W.A.Opera Company and Chorus
His Majesty’s Theatre
reviewed by Neville Cohn
What elevates this production of Gounod’s Faust to a special category of excellence is its unequivocal and powerful anti-war message. Of many presentations of Faust encountered over the decades, most of them significant in one way or another, not one – until now – has so effectively conveyed the madness of armed conflict. In every other production I’ve seen, the Soldiers’ Chorus scene, that most instantly recognisable of all Faust excerpts, has featured in an unambiguously celebratory way with flags fluttering, soldiers proudly marching and sweethearts and parents jovial, proud and smiling.
This has become an operatic cliché, that is to say, until this production which sweeps away this jingoistic hokum, a patently false notion of war as fun. Instead, we’re given a stunningly different dramatic statement. Here we see disfigured and dying soldiery, the maimed on crutches, some on stretchers, others pasty-faced, shell-shocked, blankly staring. It made for powerful viewing and listening (not that it’s ever likely to stop old men with too much power sending young men – and now women – to often pointless deaths).
Also memorable was that other crucial episode in which the devil reveals his Achilles heel, cowering as dark-clad choristers show him the sign of the cross as they sing the Chorale of the Swords.
Bruce Martin was a good choice as the Devil; he has cornered the local market insofar as diabolical types are concerned. And here, his sardonic, leering presence (with his improbable retinue of muscle men in Arabian Nights-style garb) could hardly be faulted.
Keith Lewis was unfailingly expressive in the eponymous role although occasionally his voice let him down with a cracked note her and there high on the register. But in visual terms, he appeared far too youthful in the opening scene. Faust, after all, is a very old man with fading libido, contemplating suicide, when he has his satanic encounter and, in what turns out to be a very poor bargain, sells his soul in return for youth and women.
In this production, though, he seemed, to begin with, little more than middle-aged, neither grey-haired nor balding as one would expect of someone nearing the end of life. And removing his spectacles for his transformtion did almost nothing to make him look any younger.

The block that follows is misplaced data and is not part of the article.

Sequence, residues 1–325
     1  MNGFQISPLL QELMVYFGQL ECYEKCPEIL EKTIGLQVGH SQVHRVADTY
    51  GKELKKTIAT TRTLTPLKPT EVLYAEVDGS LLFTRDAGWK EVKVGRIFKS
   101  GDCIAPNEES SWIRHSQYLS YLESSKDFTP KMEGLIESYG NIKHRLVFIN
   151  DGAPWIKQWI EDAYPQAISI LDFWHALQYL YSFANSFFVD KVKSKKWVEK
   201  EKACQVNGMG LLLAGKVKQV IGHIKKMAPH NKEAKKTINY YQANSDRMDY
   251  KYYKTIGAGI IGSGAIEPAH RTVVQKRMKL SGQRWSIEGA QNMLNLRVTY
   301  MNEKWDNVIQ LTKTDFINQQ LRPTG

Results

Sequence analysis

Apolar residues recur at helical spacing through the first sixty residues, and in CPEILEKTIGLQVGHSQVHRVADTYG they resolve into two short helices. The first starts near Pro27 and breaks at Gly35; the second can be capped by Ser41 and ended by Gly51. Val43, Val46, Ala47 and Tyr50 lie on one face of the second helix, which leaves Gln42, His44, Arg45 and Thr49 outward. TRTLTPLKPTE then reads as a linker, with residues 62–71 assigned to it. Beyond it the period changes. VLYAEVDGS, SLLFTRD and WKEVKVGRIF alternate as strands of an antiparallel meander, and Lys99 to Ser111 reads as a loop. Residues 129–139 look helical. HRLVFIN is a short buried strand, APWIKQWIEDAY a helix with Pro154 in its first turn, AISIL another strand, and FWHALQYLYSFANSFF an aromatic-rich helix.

His scene in which Faust stabs Valentin, Marguerite’s brother, to death – his knife guided by the devil – came across powerfully, even more so because – in a rare departure from the norm – Siebel, too, is fatally knifed by Faust.
For much of the evening, Elisa Wilson, as Marguerite, shaped to the demands of her role like wine to a goblet. Sounding more vocally assured than I can readily recall in some time, she was, variously, modest, coquettish and – pregnant with Faust’s bastard child – deranged.
This latter incarnation, though vocally persuasive, bordered on melodrama, Marguerite’s pasty white face more appropriate for, say, a distressed heroine in some 1917-era silent movie; it was over the top. But there was compensation in her aria about the King of Thule; it was altogether pleasing.
And the descent to Hell, in a clinch, of Faust and Mephistopheles was, visually, a moment of such inconsequence as to almost entirely drain it of dramatic force. Unusually, the closing scene, traditionally set in a prison, was an insane asylum. And instead of Marguerite’s soul being seen to be borne aloft by angels, as Gounod envisaged it, we see her dying against a tableau of asylum inmates gesturing heavenwards and watched by two nuns who charmingly keep their charges under control by bashing them with wooden clubs.
There was some inspired casting in smaller roles. Fiona Campbell, unrecognisable as Siebel, the young man charged with protecting Marguerite, was, as ever, in glorious voice. (Why is this exceptional singer not heard in more substantial roles?). Also a delight was Sarah-Janet Dougiamas as Marguerite’s neighbour Marthe Schwerlein. Every note and gesture was here made meaningful; she, too, is a singer to watch. Mark Alderson as Wagner and Lucas de Jong as Valentin made the most of minor roles.
In this Olympic season, it was conductor Stephen Barlow who thoroughly deserved a laurel crown, drawing from a reduced W.A.Symphony Orchestra in the pit, some of the most persuasive accompaniments I can recall hearing at an opera at His Majesty’s Theatre. Strings sounded gratifyingly fine and oboist Joel Marangella and Alan Meyer (clarinet) provided outstanding contributions.
There were any number of imaginative directorial touches such as placing the chorus under umbrellas with what was presumably the pre-recorded sound of rain heard in the background. Dressing the chorus in dark blue or black was an inspiration, adding memorably to the brooding, oppressive nature of much of the opera. But most unusually for a WAOC production, the chorus was not always quite synchronised with the accompanying orchestra.
I admired Matthew Barclay’s choreography which, unlike most dance presentations in Faust, was cleverly woven into, rather than gratuitously imposed on, the action. Shane Collard, with clean line and strong presence, shows much promise.
John Gunter designed the sets, that of Act 1 – Faust’s study – cluttered with the detritus of a scholarly life, a place clearly foreign to any cleaning lady’s ministrations. Nigel Levings’ lighting design splendidly underscored the prevailing mood of the moment.
Copyright Neville Cohn 2004